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    Update time!

    I've made some decent progress since the last time I posted. I was out of the country for a few weeks, so when I got back I really started to put work in to hopefully paint it before summer time hits. First off, I fixed my electrical issues...by buying a new cycle electric gen/reg combo for the bike. Seemed like my old gen was tired and didn't want to output enough volts for the reg to process into some of that good, good 12V DC.

    Next, the top triple tree I welded up cracked again...almost immediately...but that's what I get for trying to weld cast aluminum. Oh well, grabbed the top tree off my old front end, shaved her down, and polished it up. (Mother's Aluminum Polish does wonders).

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    With the now fully functioning electrics I could start riding the bike a little more without fear of being rear-ended. Even used it to commute to school for a few weeks.

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    With everything looking and riding solid, it was just about time to tear it all apart and start prepping for paint. Before I started disassembly I rode to a pretty cool show put on by Madhouse Motors in Cambridge, MA. Was pouring rain and cold. Tossed on a snowboard jacket, a bubble shield, and some rain pants and had a fun, sketchy ride there in the rain with @Scuba_Sheen (It also happened to be Sean's maiden voyage...we both made it there and back).

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    The day after the show I went down to my dad's shop and stripped it down.

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    Tear down also happened right around the time my summer semester started at school so my free time to work on it went back down...

  11. #31

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    ...but I didn't let school COMPLETELY stop productivity. I've been slowly chipping away at paint prep. So far I've gone over all the welds on the frame to clean it up, sanded all the rust off, did a little molding, and put in quite a few hours into shaping the sissy bar so it's got smooth transitions.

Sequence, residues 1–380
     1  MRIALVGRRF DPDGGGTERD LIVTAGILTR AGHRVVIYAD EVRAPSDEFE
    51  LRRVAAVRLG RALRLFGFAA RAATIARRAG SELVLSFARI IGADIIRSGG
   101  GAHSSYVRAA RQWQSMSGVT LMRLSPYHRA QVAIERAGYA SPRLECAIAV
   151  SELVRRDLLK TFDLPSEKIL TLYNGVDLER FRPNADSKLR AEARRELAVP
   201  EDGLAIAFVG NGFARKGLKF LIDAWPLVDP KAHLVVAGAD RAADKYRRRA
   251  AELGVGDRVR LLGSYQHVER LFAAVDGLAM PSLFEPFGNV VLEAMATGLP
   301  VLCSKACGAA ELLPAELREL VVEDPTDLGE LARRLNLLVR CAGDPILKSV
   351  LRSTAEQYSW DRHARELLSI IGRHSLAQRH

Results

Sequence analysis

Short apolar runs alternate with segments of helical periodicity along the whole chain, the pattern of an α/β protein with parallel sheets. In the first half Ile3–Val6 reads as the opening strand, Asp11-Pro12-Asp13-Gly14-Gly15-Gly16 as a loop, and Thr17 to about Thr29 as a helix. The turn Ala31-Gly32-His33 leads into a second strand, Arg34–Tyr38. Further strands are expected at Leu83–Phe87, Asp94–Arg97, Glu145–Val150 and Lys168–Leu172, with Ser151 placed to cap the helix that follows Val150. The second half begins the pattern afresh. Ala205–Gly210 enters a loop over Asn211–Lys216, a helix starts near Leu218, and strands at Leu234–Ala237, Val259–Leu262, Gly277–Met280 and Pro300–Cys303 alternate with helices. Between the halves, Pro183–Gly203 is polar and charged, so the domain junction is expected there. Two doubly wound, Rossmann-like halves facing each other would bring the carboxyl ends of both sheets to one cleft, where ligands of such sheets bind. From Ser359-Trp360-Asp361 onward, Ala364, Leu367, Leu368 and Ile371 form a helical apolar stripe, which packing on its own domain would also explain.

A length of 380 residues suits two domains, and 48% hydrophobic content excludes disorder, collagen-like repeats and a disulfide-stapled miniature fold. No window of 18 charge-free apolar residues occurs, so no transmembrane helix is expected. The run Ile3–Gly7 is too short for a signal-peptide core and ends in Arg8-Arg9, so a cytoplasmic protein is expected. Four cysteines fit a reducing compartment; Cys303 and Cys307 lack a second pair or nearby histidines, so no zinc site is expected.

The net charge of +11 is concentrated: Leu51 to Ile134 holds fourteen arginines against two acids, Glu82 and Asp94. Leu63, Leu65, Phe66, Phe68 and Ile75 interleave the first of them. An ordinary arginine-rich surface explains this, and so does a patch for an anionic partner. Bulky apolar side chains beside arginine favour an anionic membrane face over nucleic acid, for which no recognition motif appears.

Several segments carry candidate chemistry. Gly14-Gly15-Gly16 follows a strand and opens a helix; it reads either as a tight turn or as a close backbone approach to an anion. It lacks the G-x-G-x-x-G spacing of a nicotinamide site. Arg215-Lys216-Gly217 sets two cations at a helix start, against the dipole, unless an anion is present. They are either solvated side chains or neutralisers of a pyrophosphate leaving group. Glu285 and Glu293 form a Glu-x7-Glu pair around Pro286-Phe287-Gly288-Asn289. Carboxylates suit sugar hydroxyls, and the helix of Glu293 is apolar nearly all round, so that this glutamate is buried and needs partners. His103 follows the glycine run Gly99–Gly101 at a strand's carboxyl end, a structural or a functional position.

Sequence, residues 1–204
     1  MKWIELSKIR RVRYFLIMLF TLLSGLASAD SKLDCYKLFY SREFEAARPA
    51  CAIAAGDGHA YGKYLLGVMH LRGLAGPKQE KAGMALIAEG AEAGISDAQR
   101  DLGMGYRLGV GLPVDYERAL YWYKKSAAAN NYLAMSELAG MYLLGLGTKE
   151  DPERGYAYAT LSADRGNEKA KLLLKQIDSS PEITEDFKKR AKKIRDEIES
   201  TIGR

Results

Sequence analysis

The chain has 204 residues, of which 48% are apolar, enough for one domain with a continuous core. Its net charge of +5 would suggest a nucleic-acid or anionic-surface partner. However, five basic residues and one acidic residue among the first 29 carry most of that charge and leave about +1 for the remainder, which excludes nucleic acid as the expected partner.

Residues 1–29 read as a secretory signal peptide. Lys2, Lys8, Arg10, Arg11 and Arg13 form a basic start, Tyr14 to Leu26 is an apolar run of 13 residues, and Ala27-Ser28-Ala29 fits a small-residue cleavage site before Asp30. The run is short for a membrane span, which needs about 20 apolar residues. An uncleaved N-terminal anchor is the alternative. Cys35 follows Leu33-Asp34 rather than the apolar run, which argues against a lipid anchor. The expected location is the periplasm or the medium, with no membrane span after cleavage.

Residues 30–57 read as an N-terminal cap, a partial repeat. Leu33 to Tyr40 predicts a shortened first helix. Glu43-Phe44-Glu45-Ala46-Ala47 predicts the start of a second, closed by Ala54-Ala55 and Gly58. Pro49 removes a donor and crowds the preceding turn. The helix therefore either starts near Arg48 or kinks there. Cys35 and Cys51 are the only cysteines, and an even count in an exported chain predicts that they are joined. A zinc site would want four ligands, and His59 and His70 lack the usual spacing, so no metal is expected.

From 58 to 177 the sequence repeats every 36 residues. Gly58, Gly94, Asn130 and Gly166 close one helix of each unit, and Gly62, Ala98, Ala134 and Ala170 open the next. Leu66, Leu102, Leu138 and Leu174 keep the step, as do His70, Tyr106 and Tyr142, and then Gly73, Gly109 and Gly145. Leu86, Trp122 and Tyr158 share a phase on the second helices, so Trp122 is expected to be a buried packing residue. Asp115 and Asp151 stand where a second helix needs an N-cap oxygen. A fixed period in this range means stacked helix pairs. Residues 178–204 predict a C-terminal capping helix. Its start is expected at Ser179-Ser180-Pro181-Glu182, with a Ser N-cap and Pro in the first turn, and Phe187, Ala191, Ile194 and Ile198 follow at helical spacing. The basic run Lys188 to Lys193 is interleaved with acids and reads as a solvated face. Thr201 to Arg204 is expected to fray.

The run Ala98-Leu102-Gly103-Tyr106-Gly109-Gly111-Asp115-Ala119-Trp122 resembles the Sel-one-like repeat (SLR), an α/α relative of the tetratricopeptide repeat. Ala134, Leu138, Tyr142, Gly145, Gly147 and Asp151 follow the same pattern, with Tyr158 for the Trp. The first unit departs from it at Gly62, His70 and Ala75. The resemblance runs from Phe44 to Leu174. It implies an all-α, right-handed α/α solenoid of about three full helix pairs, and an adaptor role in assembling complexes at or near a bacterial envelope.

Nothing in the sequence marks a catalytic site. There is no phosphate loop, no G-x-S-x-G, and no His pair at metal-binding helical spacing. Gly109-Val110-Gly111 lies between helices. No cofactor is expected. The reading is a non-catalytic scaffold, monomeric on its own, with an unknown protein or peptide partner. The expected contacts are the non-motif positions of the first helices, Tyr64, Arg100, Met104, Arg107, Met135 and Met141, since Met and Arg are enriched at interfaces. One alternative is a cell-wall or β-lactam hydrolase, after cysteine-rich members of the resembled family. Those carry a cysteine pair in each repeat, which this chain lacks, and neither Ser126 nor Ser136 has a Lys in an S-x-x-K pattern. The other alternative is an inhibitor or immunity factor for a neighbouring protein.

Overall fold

There used to be holes in this fender mount...
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    Smooooothed out sissy bar...
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    I also tacked the brake lever to strengthen it up a bit...almost had the bushing pull out on me before...
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    And that's where I'm at. I'm hoping to finalize a color soon and get this puppy sprayed. I also may or may not have picked up a sweet, long girder front end for this...but we'll save that for later

  12. #32
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    Good to see ya out ridin' it! Glad to hear ya' got the electrical workin' good. Did you figure out what may have caused the top tree to crack in the first place? Or the second time? Did the crack go right through that piece? Maybe that can be a chance to practice and put another weld on it - found this which may help as a refresher:
    Things to do to make a cast aluminum weld repair go better

    - 3 c's Clean...Clean...Clean
    - Preheat part to around 200f
    - Carbide burrs designed for aluminum are best bet for grooving out cracks but grinding wheels work too ( Sometimes I use Irish Spring bar soap to prevent loading of a grinding or sanding disc)
    -if you have AC balance, a setting of 65 or less EN helps ( since some machines have use a scale of cleaning on AC balance, a setting of around 35% cleaning works good)
    - Sometimes you have to be willing to remove crapped up weld metal...the next pass usually goes better after you do this.
    - A cleaning pass helps...where you allow the cleaning action of the arc to etch the surface before you actually puddle the metal.
    - think braze...use a forward and back torch motion to gently flow weld metal ahead using just enough amperage to flow the puddle
    - 4047 weld rod can really help but it is slightly softer than 4043.